Dickinson stars as No. 1 Kansas edges UK


CHICAGO (AP) — Kansas coach Bill Self delivered a relatively simple pitch to Hunter Dickinson.

He told the big man he would get the ball a lot.

He told him he would get to play with some great players, and have a chance to win a national championship.

“I think he’s been truthful so far,” Dickinson said.

So far, so good.

Dickinson had 27 points and 21 rebounds, and the top-ranked Jayhawks outlasted No. 17 Kentucky for an 89-84 victory in the Champions Classic on Tuesday night.

The 7-foot-2 Dickinson, who announced in May that he was transferring from Michigan to Kansas, went 8 for 12 from the field and 10 for 11 at the line.

The young Wildcats — playing without a pair of injured centers — fought hard inside, but Dickinson was just too much to handle.

“What he does is he takes pressure off everybody else by having everybody else focused on him,” Self said. “So that’s a big bonus.”

Dajuan Harris Jr. scored 23 points for the Jayhawks, which trailed by as many as 14 in the second half.

Kevin McCullar Jr. had 12 points, 10 rebounds and 10 assists in the third triple-double in the history of the program.

Kansas (3-0) closed the game with an 11-1 run.

Harris opened the decisive stretch with a 3-pointer and two foul shots.

Dickinson then put the Jayhawks in front with two free throws that made it 85-83 with 2:04 to go.

Kentucky (2-1) had a couple chances to tie the game in the final 1:02, but came up empty each time.

After Reed Sheppard missed a three with six seconds left, Jamari McDowell made two foul shots to help close it out for Kansas.

Antonio Reeves scored 24 points for Kentucky, but he went 3 for 17 from 3-point range.

Adou Thiero finished with 16 points and 13 boards.

“It feels good to have this type of performance, but when you don’t walk away with a W it doesn’t really feel the same,” Thiero said.

Rob Dillingham, part of another stellar freshman class at Kentucky, scored 16 of his 18 points in the first half.

He was whistled for his fourth foul midway through the second half and eventually fouled out.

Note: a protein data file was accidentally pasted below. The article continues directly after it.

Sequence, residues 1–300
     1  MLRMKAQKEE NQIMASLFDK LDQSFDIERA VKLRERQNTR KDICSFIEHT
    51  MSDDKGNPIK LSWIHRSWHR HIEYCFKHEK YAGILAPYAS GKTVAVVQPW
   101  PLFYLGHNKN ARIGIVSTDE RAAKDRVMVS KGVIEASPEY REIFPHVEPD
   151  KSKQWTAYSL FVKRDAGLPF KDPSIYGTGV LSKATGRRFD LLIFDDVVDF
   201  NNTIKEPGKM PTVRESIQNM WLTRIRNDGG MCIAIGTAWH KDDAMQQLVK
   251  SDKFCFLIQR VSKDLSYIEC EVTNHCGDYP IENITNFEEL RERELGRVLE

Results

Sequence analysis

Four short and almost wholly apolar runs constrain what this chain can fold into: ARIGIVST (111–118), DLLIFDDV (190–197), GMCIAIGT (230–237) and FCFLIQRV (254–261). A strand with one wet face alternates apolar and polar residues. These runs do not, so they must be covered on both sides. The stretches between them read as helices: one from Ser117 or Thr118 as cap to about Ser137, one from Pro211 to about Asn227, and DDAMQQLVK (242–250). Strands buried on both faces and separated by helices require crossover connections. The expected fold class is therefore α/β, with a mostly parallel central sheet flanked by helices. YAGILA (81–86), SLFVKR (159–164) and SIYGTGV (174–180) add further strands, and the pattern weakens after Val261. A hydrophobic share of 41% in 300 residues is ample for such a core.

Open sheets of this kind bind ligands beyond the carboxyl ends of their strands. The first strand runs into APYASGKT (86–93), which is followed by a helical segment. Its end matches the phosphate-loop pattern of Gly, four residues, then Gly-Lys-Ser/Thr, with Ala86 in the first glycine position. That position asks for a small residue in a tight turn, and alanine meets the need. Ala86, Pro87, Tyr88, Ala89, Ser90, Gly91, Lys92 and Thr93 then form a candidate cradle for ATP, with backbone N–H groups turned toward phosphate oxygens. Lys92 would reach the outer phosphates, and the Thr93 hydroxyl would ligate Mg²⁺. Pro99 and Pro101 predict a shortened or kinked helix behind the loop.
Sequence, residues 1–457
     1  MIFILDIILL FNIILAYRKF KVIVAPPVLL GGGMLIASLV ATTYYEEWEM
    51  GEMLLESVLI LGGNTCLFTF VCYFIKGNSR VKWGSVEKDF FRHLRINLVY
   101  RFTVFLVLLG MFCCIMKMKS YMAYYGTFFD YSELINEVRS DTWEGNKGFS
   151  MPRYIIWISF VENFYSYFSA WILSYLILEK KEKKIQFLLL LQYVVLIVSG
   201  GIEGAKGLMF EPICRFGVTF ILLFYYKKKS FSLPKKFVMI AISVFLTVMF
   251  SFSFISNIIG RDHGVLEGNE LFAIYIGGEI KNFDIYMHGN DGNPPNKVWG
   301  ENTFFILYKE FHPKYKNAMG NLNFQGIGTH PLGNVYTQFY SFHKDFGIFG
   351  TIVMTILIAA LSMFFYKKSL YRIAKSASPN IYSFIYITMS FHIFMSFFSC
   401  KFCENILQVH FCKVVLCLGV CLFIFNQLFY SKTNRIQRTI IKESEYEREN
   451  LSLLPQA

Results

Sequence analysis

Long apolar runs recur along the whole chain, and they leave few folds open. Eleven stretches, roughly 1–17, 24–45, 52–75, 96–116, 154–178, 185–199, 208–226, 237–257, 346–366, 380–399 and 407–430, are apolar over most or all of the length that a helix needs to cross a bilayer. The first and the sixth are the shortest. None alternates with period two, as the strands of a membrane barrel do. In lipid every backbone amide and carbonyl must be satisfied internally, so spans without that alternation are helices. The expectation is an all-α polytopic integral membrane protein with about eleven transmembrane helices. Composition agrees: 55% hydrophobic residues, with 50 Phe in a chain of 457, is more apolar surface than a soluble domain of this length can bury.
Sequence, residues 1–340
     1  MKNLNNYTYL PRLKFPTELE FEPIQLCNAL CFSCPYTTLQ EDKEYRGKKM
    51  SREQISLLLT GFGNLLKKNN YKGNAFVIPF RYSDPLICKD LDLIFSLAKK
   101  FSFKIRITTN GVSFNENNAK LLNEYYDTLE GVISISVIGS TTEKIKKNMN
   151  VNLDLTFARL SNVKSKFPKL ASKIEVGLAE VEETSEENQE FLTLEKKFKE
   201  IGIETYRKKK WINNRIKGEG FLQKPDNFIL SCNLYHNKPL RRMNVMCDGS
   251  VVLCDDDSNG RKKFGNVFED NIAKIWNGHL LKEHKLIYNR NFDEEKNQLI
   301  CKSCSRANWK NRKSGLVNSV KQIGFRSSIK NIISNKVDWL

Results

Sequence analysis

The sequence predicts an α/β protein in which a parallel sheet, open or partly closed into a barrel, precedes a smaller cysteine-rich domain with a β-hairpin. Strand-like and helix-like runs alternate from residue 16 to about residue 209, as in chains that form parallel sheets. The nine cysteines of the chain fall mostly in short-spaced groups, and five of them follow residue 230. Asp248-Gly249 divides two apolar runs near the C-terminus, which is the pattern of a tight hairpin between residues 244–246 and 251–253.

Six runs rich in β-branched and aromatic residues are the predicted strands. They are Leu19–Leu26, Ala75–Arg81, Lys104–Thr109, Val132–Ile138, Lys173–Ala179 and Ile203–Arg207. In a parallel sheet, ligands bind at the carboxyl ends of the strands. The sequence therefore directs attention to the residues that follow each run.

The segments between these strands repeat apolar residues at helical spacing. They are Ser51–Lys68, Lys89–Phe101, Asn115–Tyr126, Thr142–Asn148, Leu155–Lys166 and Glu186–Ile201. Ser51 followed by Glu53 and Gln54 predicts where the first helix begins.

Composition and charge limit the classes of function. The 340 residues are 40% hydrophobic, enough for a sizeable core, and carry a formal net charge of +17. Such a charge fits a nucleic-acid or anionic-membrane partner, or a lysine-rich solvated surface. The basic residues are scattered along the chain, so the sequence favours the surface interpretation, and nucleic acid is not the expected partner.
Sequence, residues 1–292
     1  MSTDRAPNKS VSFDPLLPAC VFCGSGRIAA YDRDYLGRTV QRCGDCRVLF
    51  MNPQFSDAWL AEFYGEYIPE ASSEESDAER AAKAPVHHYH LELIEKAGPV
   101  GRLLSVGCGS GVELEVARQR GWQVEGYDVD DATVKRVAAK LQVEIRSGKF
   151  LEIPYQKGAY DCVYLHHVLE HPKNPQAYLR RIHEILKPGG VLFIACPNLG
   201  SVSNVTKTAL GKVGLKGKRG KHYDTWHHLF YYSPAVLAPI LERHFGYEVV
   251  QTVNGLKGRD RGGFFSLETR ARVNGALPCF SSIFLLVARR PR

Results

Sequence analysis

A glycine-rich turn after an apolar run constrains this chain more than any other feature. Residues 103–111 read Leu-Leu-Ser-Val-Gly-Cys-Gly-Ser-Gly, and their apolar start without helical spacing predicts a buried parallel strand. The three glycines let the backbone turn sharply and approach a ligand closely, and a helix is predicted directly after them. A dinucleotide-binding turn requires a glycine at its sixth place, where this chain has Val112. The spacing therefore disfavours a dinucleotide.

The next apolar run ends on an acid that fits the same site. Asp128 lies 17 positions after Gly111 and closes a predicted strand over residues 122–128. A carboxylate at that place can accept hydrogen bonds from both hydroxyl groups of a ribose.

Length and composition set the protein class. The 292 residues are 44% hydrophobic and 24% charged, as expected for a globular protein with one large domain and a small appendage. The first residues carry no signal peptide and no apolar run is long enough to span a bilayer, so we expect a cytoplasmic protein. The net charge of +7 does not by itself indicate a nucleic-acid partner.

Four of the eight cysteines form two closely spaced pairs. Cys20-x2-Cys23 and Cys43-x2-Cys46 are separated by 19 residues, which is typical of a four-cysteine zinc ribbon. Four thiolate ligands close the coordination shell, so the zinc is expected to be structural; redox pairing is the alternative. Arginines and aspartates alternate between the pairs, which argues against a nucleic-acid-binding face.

“To come in this environment with this, you know, everything that goes with this, the bells and whistles, and they perform like they did, I couldn’t ask for much more other than make some free throws and a shot down the stretch and win,” Kentucky coach John Calipari said.

It was Kansas’ first game in Chicago since it stopped in the Windy City on its way to the 2022 NCAA championship.

The Jayhawks beat Miami 76-50 in the Midwest Region final at the United Center that year.

Kansas had a 25-21 lead before Dillingham began to take over.

The flashy guard made 3-pointers on four straight Kentucky possessions, and then dished to Reeves for another 3 — giving the Wildcats a 36-30 lead with 4:37 left in the first half.

The Jayhawks were staring at a double-digit halftime deficit before Dickinson hit two foul shots and a 3, making it 48-41 at the break.

Dickinson had 13 points and 10 rebounds in the first half.


Kansas: While Dickinson had a big night, it’s clear the Jayhawks have some work to do when it comes to getting used to each other. They finished with 14 turnovers, and a couple of them occurred when they tried to force the ball inside to their new center.

Kentucky: It was the first big test for the new kids on the Wildcats, and there was a lot to like. They had just eight turnovers. If Calipari can teach them how to finish close games, they could be in line for a big season.


Kentucky: Hosted Stonehill on Friday night

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